Why do you have to contact the net coordinator? He is the one who will
assign your node number to you. An obvious question at this point is
who is the net coordinator and how can in get in contact him.
It would be wonderful if it were just a phone number to dial and say
"sign me up". Unfortunately it's not going to be that easy. The way
you contact the net coordinator is by sending him Fido netmail. When
the request is sent via netmail, the coordinator knows you:
* Understand Fido enough to at least send netmail
* Have netmail working with your current Fido Configuration
Being able to do these tasks is proof that you know what you're doing so
the coordinator will be more than happy to get your node number to you.
To send the netmail to the coordinator the following steps must be
1. Find a FidoNet site in your area
2. Obtain a nodelist (the white pages of FidoNet)
3. Get the address of the net coordinator
4. Configure PCBoard to send netmail
5. Manually send netmail to the coordinator
Once these have been accomplished you have almost finished setting up
PCBFido. Let's go find that coordinator.
1. Find a FidoNet Site in Your Area
Although this is just the first step, it can be the toughest to
accomplish. To help make this step much easier, you can call
our support BBS (see the printed manual for contact information) and
execute the FINDFIDO command from the menu. This PPE uses your area
code or country code to generate a list of Fido sites close to you.
2. Obtain a Nodelist
Utilizing the list obtained in step #1, contact one of the BBSs and
request a nodelist. The nodelist may be located for download in the
file directories, so look there before leaving a message to the SysOp.
3. Get the Address of the Net Coordinator
To send netmail to the network coordinator we need to know the proper
address where netmail is to be sent. As a general rule, the coordinator
is assigned node 0 of the zone and network you want to join. For
example, if the zone is 1 and the network is 311, you'll most likely
send mail to 1:311/0. CONFIRM this with the SysOp of the Fido system
the nodelist was obtained from as this is vital information.
4. Configure PCBoard to Send netmail
Before configuring PCBoard to send netmail, make sure you have the
* Fido address of the net coordinator
Fido Menu Options/Settings
Our next step is to configure the bare essentials of Fido so we can
send a message to the net coordinator. Load PCBSetup and select
Fido Configuration from the Main Menu. This screen has the following
A Fido Configuration
B Node Configuration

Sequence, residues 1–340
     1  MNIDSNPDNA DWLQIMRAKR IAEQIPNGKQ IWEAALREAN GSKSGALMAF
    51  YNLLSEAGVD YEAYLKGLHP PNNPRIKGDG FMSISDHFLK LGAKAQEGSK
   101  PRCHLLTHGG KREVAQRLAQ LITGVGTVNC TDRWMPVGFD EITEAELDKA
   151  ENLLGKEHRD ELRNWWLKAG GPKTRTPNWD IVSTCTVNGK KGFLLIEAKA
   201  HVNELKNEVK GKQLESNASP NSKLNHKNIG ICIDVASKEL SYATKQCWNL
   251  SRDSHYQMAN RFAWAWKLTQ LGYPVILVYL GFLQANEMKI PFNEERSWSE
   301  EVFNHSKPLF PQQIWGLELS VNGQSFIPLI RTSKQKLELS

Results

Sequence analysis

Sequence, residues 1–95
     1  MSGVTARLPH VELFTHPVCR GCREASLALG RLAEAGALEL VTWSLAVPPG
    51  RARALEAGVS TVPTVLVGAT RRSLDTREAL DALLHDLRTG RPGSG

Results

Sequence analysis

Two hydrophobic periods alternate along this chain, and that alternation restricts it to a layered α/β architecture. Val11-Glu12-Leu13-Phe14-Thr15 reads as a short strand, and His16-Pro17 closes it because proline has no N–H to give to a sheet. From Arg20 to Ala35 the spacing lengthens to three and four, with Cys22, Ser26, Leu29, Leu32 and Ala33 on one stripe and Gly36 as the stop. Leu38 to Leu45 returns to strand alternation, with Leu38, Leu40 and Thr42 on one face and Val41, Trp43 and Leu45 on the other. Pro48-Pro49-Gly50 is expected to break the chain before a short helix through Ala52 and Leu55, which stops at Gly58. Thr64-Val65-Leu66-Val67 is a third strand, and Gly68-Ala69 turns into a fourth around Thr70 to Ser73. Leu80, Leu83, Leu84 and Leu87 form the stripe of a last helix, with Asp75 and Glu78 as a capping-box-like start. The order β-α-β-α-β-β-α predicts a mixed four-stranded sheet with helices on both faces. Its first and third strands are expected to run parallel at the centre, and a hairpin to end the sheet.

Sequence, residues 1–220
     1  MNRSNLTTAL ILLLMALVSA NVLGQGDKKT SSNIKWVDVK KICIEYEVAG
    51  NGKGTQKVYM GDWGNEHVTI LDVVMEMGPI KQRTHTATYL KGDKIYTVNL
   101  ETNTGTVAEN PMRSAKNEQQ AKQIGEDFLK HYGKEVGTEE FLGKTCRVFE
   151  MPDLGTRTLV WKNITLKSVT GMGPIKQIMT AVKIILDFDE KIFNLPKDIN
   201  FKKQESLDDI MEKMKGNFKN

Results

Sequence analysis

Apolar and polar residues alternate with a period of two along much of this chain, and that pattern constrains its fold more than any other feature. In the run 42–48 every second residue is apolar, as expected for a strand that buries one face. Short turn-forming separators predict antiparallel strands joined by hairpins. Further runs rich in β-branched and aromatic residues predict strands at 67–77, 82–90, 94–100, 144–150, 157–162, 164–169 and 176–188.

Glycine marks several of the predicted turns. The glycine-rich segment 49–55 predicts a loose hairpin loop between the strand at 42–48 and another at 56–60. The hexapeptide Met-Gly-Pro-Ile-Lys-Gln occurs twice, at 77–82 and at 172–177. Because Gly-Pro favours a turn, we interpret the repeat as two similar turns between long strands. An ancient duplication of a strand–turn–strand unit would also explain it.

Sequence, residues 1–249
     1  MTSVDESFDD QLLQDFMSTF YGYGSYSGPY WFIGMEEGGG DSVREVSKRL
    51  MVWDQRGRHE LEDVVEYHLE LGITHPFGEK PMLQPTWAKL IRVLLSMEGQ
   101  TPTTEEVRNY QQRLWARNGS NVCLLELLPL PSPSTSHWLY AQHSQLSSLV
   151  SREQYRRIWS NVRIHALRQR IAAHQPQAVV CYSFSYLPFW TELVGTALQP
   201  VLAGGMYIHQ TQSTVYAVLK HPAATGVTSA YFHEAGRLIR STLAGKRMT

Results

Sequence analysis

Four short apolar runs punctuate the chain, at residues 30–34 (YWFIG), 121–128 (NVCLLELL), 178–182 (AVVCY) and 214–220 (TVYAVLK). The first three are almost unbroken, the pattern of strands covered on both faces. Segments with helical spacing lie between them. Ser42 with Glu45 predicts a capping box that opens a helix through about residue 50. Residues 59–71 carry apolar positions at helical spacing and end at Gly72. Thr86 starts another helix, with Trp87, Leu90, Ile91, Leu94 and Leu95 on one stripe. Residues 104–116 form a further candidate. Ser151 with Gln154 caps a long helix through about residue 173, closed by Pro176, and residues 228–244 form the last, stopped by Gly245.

C System Address
D EMSI Profile
E File & Directory Configuration
F Archiver Configuration
G Phone Number Translation
H Nodelist Configuration
I FREQ Path List
J FREQ Restrictions
K FREQ Magic Names
L FREQ Deny Nodelist
1. Starting with "Fido Configuration", the first menu option, mark each
of the following fields with a "Y":
Enable Fido Processing
Allow Node to Process Incoming Packets
Allow Node to Export Mail
Allow Node to Dial Out
2. Press ESC to return to the main Fido Menu and select the "System
Address Option". We need to enter a temporary node address to use
during the application process. The zone and net information can
be gathered from the address for the echo coordinator. For example,
if you were told the net coordinator's address is 1:311/0, the
1:311 is the zone and net information. For the node number enter
9999. Using the example information the entry looks like this:
Press ESC and save the changes.
3. You're back at the Fido Main Menu. Select "EMSI Profile". This is
the menu option where we fill out all of the information about the
BBS, who the main SysOp is and so forth. This information is used to
identify the caller when calling other Fido sites. Fill in all of
the fields with the exception of the one titled "Flags". This
information is provided by the net coordinator at a later time.
When finished entering the BBS Name, City, State, and so forth,
press ESC to return to the Main Menu.
4. Next, select "File & Directory Configuration" from the Menu. We
need to enter valid DOS subdirectories for the all of the fields
on this screen. Recommended defaults are:
Dir of Incoming Packets : ..\FIDO\IN\
Dir of Outgoing Packets : ..\FIDO\OUT\
Dir to store Bad Packets : ..\FIDO\BADPKTS\
Dir of Nodelist Database : ..\FIDO\NODELIST\
Work Directory : ..\FIDO\WORK\
Dir to store *.MSG : ..\FIDO\MSG\
If you have installed PCBoard on a different drive or subdirectory,
make the appropriate changes. Also, you may want to change the
location of the work directory to another drive if it has more
free space. Keep that in mind if appropriate. Press ESC when
you are happy with what is entered.
NOTE: The directories you specify are automatically created
if they do not already exist.
5. From the Fido Main Menu, select the "Phone Number Translation" option.
The phone numbers stored in the nodelist database will have the extra
information such as area code or country code stored in each entry.
In most situations, the coordinator will be a local call to you so